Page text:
A length of the lines connected to the outputs of the pre-decoder 10A is half that of the lines connected to the pre-decoder 10 of FIG. 14. Because of this, a resistance value and a capacitance value of the lines each are halves of the corresponding values in the prior art, and the CR delay time of the lines is equal to a quarter of the corresponding value in the prior art. This applies to the lines connected to the outputs of the inverting circuit 40 in a similar way. In actual case, for example, the line length from a node on the line C0 to an input of the NAND gate 211 can be neglected compared with that of the line C0.

With reduction in CR delay time, the rising and falling edges of signals becomes steeper, thereby enabling a shorter access time in a semiconductor memory.

FIG. 2 shows a pre-stage circuit for the circuit of FIG. 1.

An address signal AX0 is externally provided to a first input of a NAND gate 36 through an address buffer circuit 35.

On the other hand, a clock CK is externally provided to the second input of the NAND gate 36 through a delaying and pulse width adjusting circuit 37 for generating an enable signal EN as shown in FIG. 3. The output of the NAND gate 36 is inverted by the inverter 38 to get an address signal A0. Likewise, address signals AX1 to AX3 are externally provided to the circuit of FIG. 2 to get address signals A1 and A3.

FIG. 3 is a time chart showing operation of the circuits of FIGS. 1 and 2. A memory cell activation time is reduced by the enable signal EN with a short pulse width, resulting in decrease in power consumption.

FIG. 4 is a layout sketch of circuit blocks in a semiconductor chip, which corresponds to FIG. 15.

An address control circuit 30A includes the circuit of FIG. 2 and the pre-decoder (10A) of FIG. 1, receives an address, and outputs a predecoded signal. A main decoder 22(MD2) provides a row select signal onto one of the word lines in the memory cell array MC1 or MC2 disposed on both sides thereof. A main decoder 21(MD1) provides a row select signal onto one of the word lines in the memory cell array MC3 or MC4 disposed on both sides thereof.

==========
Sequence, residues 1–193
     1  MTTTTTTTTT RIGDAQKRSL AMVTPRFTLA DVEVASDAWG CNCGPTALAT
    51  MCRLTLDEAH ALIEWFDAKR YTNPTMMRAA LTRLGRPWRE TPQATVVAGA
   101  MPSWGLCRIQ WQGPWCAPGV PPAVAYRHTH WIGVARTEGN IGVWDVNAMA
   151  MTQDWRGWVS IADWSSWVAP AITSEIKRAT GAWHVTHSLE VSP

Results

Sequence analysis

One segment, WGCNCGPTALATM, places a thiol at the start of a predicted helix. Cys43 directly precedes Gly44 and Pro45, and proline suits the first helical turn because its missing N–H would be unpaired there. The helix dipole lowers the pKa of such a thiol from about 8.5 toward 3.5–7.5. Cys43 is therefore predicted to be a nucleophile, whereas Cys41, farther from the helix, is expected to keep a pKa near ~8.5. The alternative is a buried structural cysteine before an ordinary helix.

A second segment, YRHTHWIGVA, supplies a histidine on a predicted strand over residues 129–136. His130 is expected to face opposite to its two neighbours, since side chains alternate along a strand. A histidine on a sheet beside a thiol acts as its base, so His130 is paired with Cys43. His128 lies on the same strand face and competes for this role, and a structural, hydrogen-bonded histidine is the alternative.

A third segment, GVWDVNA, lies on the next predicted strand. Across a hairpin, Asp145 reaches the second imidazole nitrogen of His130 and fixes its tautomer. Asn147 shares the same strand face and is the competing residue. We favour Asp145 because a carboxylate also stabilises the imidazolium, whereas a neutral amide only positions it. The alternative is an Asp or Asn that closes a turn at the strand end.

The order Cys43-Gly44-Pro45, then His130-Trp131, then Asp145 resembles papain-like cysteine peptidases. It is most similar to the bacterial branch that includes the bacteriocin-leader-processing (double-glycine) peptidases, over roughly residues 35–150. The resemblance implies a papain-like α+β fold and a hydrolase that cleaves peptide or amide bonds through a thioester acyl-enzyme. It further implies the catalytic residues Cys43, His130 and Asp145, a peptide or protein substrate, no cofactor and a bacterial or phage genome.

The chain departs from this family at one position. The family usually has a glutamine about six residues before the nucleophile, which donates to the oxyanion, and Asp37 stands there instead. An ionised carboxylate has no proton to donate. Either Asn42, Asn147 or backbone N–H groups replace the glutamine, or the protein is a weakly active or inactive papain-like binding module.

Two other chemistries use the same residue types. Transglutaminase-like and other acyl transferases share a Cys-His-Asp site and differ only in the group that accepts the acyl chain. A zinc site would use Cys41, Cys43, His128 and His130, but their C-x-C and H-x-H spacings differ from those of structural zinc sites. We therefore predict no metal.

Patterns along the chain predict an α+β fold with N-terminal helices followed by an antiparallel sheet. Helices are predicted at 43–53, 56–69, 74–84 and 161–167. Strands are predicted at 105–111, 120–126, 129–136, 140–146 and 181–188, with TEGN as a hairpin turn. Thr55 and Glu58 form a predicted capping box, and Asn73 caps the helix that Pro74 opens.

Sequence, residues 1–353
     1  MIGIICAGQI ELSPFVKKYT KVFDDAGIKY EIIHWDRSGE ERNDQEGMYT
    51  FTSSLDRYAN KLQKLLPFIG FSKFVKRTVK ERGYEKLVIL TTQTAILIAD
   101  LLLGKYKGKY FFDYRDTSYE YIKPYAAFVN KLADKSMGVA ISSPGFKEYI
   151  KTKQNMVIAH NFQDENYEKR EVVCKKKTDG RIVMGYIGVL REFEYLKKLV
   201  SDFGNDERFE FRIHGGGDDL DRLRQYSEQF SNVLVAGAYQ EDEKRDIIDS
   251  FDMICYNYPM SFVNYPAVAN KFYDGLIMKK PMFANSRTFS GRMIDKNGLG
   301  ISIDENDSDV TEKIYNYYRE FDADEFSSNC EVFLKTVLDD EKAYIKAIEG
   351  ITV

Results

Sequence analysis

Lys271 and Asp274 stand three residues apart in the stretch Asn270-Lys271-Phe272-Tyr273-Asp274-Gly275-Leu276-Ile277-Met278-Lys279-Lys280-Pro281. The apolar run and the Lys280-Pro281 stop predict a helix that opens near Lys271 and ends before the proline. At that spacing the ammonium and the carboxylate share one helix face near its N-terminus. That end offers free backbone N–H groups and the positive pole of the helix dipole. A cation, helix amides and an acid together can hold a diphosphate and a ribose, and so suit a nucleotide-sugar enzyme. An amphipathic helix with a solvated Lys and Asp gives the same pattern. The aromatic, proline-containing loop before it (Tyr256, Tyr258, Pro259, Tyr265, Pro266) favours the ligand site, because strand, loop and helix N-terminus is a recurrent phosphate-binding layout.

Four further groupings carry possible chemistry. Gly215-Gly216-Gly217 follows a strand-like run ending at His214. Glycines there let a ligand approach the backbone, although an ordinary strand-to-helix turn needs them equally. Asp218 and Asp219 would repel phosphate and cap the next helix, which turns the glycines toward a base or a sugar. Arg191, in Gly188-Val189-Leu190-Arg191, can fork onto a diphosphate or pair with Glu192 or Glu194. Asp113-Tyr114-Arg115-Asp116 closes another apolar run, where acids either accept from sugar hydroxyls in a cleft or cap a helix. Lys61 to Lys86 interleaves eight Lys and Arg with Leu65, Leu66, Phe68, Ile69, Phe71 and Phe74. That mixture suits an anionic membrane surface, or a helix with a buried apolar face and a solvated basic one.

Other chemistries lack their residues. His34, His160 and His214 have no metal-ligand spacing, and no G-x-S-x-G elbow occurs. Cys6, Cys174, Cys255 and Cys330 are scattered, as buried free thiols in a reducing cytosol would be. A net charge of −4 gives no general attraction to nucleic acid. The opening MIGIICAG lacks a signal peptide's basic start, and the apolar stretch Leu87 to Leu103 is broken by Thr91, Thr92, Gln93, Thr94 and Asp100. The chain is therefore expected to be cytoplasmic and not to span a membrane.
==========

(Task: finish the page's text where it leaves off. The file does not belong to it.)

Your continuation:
FIG. 5 is a diagram showing parts of the inverting circuit 40 and the minor sense amplifier circuit 50 of FIG. 4. In FIG. 5, BL and *BL indicate a pair of complementary bit lines, VDD a power supply line, CTRL a minor sense amplifier activation/deactivation control line, transistors marked with ∘ and without ∘ a PMOS transistor and an NMOS transistor, respectively. Between the memory cell arrays MC1 and MC3, the minor sense amplifier circuit 50 is provided, wherein a flip-flop minor sense amplifier is connected between the bit lines BL and *BL. In FIG. 4, between the memory cell arrays MC2 and MC4, too, there is provided a minor sense amplifier circuit 51 with the same configuration as that of the minor sense amplifier circuit 50.

With such a configuration, a time required for reading data from a memory cell array into a data I/O control circuit is reduced. Since the inverting circuit 40 is disposed between the minor sense amplifier circuits 50 and 51, increase in chip area due to placement of the inverting circuit 40 in addition to placement of the minor sense amplifier circuits 50 and 51 can be avoided.

Further, the memory cell arrays MC1 to MC4 with the same configurations as each other can be employed since the logic polarity of positive or negative in regard to the inputs of the main decoders 21 and 22 are reverse to each other according to location relative to the inverting circuit 40.

SECOND EMBODIMENT

FIG. 6 is a layout sketch of circuit blocks in a semiconductor chip of a second embodiment according to the present invention.

In this chip, on one side of an address control circuit 30B and data I/O control circuits 33A and 34A, there are disposed the memory cell arrays MC1 to MC4, the inverting circuit 40, the minor sense amplifier circuits 50 and 51 and the main decoders 21 and 22, while on the other side thereof, there are disposed memory cell arrays MC5 to MC8, an inverting circuit 41, minor sense amplifier circuits 52 and 53 and main decoders 23 and 24, wherein corresponding constituents on both sides are arranged in symmetry. The address control circuit 30B, and the data I/O control circuits 33A and 34A are shared by the circuits on both sides.

With such a configuration, the chip area can be smaller than the case where double the circuit of FIG. 17 are arranged adjacent to each other in parallel.

THIRD EMBODIMENT

FIG. 7 shows a 4-bit row address decoder circuit of a third embodiment according to the present invention.

In this circuit, the enable signal EN is provided through an inverter 42 to the NOR gates of a main decoder 22A, and the output of the inverter 42 is provided through an inverter 43 to the AND gates of a main decoder 21A. With such a configuration, the output of the main decoder 20B consisting of the main decoders 21A and 22A is effective only while the enable signal EN is high, therefore a memory cell activation time is reduced with the result that power consumption decreases. Note that the enable signal EN is generated by providing an external clock CK to the delaying and pulse width adjusting circuit 37 as shown in FIG. 2.